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Davis-Besse safety culture is improving


John Funk
Plain Dealer Reporter

Oak Harbor- Safety attitudes among workers and managers at the troubled Davis-Besse nuclear power plant are improving, a new survey shows. But whether that will be enough to convince regulators the plant can be safely operated is an unanswered question.

Plant managers meeting yesterday with the Nuclear Regulatory Commission's Davis-Besse oversight panel unveiled a March company poll they said shows Davis-Besse is successfully growing a "safety conscious work environment" and that employees have more faith in the company's intentions to put safety ahead of profits than they did when polled last August.

The Toledo-area plant has been idle 14 months for repairs after workers found a pineapple-size hole in the reactor's lid caused by coolant leaking from cracked control rod nozzles.

The company yesterday also gave regulators a peek at the results of an independent consultant's study assessing the overall "safety culture" at the plant. That assessment showed the commitment to safety at the corporate level, among plant managers and among workers needs attention, said Lew Myers, chief operating officer of plant owner FirstEnergy Corp.'s nuclear operating company. "It is similar to our own findings," Myers said, promising that the company is driving to improve the profile.

Although the NRC does not have hard regulations on safety culture or its subset, a safety conscious work environment, the agency has made them mandatory items on the long check list that Davis-Besse must complete to get permission to restart. The study and survey findings could add delays to the restart date now pushed back to mid or late June because of hardware problems still on the plant's fix-it plate.

About 79 percent of the workers at the Toledo-area plant - including 377 outside contractors and 665 permanent employees - filled out the voluntary survey, said Bill Pearce, a vice president with FirstEnergy's nuclear company.

Among the results:

Nearly 90 percent - up from 55 percent last year - now say plant managers clearly communicate their expectations about safety and quality.

More than 80 percent - up from 63 percent - said managers are now willing to listen to their problems.

Eighty-five percent - up from 71 percent - said they can raise any nuclear safety or quality concern without fear of retaliation.

Eighty percent - up from 57 percent - said the company's system of reporting potential safety problems is effective. And three-fourths said the resolution of the problems is effective, compared to 45 percent last August.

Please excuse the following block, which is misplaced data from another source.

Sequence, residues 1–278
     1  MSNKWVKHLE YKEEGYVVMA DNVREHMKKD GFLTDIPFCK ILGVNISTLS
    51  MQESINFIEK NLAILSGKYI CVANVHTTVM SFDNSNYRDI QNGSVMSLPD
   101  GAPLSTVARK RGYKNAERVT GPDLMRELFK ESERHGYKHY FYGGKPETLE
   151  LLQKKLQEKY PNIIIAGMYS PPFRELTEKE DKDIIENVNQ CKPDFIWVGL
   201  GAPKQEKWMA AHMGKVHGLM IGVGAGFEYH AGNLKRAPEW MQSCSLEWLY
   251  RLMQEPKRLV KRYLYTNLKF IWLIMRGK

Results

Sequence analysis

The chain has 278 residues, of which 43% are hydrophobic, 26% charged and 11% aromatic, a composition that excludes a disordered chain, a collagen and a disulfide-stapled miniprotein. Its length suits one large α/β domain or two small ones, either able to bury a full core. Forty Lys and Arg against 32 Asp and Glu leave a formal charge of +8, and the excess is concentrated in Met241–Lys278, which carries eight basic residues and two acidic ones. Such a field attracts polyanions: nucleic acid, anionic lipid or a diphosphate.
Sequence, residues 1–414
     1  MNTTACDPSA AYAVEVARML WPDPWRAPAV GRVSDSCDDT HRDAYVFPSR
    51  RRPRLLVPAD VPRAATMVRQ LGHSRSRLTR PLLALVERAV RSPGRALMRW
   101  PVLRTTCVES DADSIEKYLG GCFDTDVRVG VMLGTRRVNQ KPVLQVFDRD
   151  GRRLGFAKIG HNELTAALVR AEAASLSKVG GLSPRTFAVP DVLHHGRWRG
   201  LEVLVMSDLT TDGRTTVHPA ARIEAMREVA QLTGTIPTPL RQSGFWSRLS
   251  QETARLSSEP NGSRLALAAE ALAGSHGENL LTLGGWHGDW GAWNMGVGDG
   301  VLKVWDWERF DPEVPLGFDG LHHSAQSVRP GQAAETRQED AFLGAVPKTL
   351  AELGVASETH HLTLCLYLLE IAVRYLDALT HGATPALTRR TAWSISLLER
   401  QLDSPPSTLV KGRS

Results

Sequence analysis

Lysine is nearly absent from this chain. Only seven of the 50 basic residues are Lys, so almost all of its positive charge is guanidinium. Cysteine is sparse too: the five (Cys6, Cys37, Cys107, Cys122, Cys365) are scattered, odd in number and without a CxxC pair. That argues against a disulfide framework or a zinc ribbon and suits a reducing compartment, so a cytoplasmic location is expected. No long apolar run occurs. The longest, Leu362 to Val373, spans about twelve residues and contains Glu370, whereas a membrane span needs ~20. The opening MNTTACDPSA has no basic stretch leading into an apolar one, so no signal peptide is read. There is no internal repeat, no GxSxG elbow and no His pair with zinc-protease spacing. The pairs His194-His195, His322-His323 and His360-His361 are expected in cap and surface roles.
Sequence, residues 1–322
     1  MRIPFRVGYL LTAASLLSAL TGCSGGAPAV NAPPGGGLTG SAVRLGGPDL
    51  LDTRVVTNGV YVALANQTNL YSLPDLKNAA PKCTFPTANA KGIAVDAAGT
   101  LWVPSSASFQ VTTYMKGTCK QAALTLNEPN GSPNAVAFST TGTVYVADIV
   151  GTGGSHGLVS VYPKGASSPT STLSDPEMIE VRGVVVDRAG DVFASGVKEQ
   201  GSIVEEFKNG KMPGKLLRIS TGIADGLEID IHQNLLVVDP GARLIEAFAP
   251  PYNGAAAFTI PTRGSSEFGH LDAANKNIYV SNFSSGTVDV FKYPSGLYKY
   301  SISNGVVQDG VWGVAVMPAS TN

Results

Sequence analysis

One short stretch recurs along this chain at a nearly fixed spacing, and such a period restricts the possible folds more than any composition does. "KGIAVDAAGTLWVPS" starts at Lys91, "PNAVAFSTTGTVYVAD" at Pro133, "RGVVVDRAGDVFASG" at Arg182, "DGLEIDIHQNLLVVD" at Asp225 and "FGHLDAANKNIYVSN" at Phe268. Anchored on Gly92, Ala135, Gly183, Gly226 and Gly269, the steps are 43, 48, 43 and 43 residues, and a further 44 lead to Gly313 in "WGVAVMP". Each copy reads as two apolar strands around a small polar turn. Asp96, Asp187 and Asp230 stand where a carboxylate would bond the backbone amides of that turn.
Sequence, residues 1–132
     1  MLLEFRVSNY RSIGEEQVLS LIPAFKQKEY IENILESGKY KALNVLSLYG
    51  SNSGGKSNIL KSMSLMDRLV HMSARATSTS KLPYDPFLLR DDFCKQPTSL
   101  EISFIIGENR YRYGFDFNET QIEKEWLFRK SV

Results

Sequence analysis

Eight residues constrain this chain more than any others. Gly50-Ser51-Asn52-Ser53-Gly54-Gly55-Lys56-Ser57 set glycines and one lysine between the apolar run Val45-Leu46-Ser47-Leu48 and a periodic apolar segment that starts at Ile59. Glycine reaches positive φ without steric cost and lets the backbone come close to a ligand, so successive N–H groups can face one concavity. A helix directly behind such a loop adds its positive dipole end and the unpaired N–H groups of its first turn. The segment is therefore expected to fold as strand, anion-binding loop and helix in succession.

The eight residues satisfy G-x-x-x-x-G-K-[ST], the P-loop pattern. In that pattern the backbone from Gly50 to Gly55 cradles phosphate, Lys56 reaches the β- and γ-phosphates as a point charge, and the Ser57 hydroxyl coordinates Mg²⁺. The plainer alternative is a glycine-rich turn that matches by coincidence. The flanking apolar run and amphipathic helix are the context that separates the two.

Eighty percent - up from 60 percent - now believe upper management supports the new program that enables employees to bring up problems anonymously if necessary.

But not all of the findings are as straightforward. When asked whether they were aware of someone being harassed or intimidated over the last six months for bringing up a safety concern, 15 percent of the whole group said yes, up from 12 percent last August.

Among permanent Davis-Besse employees, the trend was just the opposite, with 10 percent saying they knew of workers who have been harassed, down from 15 percent last summer.

The comparison of the two harassment findings troubled Jack Grobe, chairman of the NRC's Davis-Besse oversight panel, because it appears to show that up to 22 percent of the outside contractors - with highly specialized skills crucial to completing many of the repairs at the plant - are getting a lot of punishment over safety-related issues.

Since contractors have not been calling the agency to complain and since the company is still analyzing the survey results, Grobe said the results may not be correct. But he asked for further analysis.

Another issue to be resolved before restarting the reactor is the adequacy of the plant's radiation protection programs. Three workers were found to have inhaled radioactive particles in March 2002. After discovering sloppy safety procedures and planning for dangerous jobs, the NRC cited the company and ordered Davis-Besse managers to create new safety programs.

Last month a four-man NRC team of radiation protection experts not only reviewed Davis-Besse's new safety procedures but also roamed the plant to observe work in progress.

Though they found some problems, which the plant has since fixed, the team yesterday gave the plant's new procedures qualified approval - adding however that it will conduct three follow-up inspections between May and November.

"We have determined that satisfactory progress has been made," said Wayne Slawinski, a senior radiation protection expert and leader of the team. He said his inspectors believe the plant's new safety programs are "on target" to prevent future problems.

However, Grobe pointed out that not all of the plant's new safety procedures are actually in place. He said the oversight panel would decide during the next several weeks whether the company has done enough.

For complete coverage of Davis-Besse, go to

To reach this Plain Dealer reporter:, 216-999-4138

2003 The Plain Dealer. Used with permission.
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